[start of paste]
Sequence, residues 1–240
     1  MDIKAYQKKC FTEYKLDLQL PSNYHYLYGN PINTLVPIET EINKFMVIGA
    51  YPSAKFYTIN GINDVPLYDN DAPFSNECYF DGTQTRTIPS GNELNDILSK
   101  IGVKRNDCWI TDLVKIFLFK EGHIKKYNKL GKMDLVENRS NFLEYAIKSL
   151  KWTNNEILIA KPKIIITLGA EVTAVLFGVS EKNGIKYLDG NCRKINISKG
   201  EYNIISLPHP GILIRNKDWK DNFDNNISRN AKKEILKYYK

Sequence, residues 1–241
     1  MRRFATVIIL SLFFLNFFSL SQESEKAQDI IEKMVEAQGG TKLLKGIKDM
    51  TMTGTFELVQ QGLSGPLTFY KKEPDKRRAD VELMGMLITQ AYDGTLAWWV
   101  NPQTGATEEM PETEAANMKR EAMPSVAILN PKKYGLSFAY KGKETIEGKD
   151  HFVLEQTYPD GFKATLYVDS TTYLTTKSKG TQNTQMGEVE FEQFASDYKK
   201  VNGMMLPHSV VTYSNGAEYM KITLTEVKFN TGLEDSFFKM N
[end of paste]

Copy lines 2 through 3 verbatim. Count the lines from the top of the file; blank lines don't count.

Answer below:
     1  MDIKAYQKKC FTEYKLDLQL PSNYHYLYGN PINTLVPIET EINKFMVIGA
    51  YPSAKFYTIN GINDVPLYDN DAPFSNECYF DGTQTRTIPS GNELNDILSK